Open Memorial Day weekend through Columbus Day weekend and Monday 10:00 a.m. to 5:00 p.m.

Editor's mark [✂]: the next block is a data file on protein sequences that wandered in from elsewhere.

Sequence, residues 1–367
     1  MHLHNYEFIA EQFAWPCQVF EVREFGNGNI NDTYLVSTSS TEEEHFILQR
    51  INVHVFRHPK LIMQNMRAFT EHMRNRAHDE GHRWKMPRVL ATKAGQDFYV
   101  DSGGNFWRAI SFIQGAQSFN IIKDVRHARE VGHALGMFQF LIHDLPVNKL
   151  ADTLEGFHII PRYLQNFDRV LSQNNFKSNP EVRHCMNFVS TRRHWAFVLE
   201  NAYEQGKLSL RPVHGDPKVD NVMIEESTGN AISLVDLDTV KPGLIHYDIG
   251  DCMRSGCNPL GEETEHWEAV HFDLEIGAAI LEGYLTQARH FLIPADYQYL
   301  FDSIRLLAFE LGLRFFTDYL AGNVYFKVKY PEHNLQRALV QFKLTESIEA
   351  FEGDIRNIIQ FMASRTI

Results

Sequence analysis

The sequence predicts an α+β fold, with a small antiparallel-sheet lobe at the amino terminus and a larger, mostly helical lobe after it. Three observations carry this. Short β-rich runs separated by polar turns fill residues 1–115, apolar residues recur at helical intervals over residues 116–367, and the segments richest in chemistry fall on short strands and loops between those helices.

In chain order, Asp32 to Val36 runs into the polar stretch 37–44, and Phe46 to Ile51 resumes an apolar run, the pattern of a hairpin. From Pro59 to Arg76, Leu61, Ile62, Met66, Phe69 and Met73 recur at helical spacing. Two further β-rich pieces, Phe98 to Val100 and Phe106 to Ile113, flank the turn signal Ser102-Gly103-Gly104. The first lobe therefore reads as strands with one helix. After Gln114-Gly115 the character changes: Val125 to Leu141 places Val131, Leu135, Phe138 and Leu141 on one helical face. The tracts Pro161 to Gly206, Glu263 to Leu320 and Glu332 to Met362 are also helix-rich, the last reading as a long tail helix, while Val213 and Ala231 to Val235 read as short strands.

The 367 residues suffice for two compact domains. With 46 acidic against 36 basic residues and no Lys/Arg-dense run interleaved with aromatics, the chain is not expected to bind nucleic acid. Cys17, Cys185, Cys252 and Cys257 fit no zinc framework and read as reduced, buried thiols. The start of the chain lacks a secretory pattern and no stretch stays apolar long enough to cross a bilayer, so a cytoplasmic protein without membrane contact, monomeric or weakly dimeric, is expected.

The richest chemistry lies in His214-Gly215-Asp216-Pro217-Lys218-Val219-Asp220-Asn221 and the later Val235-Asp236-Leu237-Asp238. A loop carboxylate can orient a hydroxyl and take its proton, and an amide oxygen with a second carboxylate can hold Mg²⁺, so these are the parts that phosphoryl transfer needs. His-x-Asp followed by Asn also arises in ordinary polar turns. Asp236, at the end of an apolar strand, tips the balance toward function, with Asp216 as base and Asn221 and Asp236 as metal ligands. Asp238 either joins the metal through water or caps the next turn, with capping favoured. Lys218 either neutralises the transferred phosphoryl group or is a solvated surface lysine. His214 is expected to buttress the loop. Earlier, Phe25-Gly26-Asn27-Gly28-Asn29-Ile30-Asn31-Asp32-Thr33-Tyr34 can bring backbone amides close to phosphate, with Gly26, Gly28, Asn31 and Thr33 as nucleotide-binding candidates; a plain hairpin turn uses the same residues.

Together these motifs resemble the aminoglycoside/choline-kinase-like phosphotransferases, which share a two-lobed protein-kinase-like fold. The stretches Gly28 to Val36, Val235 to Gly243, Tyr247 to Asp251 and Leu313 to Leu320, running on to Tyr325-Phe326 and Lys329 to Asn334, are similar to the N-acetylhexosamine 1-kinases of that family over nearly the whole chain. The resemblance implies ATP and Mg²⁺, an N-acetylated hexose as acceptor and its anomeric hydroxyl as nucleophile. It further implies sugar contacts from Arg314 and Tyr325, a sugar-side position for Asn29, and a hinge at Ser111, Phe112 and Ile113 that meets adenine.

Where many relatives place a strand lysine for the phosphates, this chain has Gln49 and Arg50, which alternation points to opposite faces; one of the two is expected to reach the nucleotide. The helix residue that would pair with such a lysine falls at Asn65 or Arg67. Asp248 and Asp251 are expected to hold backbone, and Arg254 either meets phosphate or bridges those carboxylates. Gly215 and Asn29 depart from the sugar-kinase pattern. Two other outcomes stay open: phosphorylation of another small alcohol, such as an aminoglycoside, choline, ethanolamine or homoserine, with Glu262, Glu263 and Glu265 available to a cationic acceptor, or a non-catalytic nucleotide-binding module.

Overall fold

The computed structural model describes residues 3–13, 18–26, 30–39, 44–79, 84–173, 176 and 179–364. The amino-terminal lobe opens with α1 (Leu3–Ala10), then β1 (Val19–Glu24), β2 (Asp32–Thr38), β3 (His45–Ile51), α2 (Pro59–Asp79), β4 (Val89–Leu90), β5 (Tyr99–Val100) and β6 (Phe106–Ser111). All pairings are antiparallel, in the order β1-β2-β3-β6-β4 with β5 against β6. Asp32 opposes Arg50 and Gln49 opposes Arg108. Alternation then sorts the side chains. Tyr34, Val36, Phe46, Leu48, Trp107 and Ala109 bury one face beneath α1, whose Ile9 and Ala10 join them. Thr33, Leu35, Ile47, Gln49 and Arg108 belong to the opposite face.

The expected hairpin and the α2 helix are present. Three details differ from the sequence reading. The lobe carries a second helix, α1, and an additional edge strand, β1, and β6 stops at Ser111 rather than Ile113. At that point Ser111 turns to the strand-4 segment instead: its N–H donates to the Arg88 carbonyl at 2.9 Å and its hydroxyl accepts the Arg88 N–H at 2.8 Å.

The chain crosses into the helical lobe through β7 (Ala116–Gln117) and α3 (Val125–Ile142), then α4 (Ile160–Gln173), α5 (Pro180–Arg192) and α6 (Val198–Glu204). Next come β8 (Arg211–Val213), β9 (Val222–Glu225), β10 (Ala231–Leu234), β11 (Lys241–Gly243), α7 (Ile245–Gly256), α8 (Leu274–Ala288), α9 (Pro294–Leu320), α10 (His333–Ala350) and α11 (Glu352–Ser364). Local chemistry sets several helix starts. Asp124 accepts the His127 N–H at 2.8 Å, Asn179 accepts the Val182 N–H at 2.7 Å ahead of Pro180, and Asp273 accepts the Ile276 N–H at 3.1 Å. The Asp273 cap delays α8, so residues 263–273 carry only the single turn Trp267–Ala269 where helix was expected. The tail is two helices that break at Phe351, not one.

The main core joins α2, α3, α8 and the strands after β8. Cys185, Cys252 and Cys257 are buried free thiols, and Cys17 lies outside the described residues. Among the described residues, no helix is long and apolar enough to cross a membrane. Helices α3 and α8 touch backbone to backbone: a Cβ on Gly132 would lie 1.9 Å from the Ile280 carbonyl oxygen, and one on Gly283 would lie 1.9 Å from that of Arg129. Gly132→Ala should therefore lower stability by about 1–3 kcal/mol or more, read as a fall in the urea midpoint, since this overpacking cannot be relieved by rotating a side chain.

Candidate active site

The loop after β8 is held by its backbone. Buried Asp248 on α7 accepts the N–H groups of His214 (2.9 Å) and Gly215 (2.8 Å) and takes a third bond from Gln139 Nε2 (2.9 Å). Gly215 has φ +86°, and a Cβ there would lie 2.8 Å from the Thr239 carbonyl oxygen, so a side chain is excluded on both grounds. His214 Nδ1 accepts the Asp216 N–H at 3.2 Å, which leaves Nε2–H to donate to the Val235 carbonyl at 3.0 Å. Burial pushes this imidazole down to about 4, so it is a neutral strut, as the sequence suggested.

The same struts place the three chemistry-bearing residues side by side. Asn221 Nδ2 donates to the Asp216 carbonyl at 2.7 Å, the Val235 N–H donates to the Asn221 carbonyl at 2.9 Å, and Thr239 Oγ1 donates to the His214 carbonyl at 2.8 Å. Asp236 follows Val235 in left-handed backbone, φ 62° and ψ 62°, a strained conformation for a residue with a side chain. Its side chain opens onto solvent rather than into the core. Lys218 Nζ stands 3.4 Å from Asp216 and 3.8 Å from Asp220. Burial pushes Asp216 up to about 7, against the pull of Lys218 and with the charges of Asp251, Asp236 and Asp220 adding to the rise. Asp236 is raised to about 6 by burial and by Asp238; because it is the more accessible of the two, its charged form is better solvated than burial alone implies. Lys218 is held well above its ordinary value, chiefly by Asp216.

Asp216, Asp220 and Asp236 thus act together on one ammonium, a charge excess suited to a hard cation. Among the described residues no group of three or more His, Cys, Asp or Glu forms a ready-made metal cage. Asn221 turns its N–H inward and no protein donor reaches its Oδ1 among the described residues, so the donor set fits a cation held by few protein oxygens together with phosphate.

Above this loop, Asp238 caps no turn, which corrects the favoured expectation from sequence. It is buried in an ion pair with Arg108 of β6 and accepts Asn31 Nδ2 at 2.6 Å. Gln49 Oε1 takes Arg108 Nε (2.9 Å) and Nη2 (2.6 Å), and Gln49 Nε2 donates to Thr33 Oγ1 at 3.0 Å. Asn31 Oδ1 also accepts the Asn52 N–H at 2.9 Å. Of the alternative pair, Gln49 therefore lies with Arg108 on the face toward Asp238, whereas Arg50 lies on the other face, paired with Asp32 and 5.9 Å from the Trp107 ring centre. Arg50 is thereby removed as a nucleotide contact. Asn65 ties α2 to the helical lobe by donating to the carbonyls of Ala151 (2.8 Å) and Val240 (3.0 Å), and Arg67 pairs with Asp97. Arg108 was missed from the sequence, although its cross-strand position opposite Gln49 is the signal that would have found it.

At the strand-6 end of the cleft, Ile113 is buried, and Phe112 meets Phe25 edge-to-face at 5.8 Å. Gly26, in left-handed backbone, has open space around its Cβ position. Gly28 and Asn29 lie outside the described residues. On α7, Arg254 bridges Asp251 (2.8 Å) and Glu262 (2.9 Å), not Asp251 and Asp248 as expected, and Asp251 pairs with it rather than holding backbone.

Colonel John Ashley House is named for one of the first citizens of the town of Sheffield, which was purchased in 1722 from Native Americans for 460 pounds sterling, three barrels of cider, and thirty quarts of rum. Ashley, a surveyor and lawyer, built his house in 1735. In 1773 the Ashley house was the site of the signing of the Sheffield Declaration, now considered the first “declaration of independence” from Britain. After the Revolutionary War Ashley’s slave Elizabeth Mumbet was freed under the new state of Massachusetts’s constitution (see also the “Sedgewick Pie” sidebar in this chapter). The house features a collection of colonial-era tools and tableware. The herb gardens are particularly interesting. Learn how eighteenth-century Americans used herbs for cooking meals, healing the sick, and freshening their homes.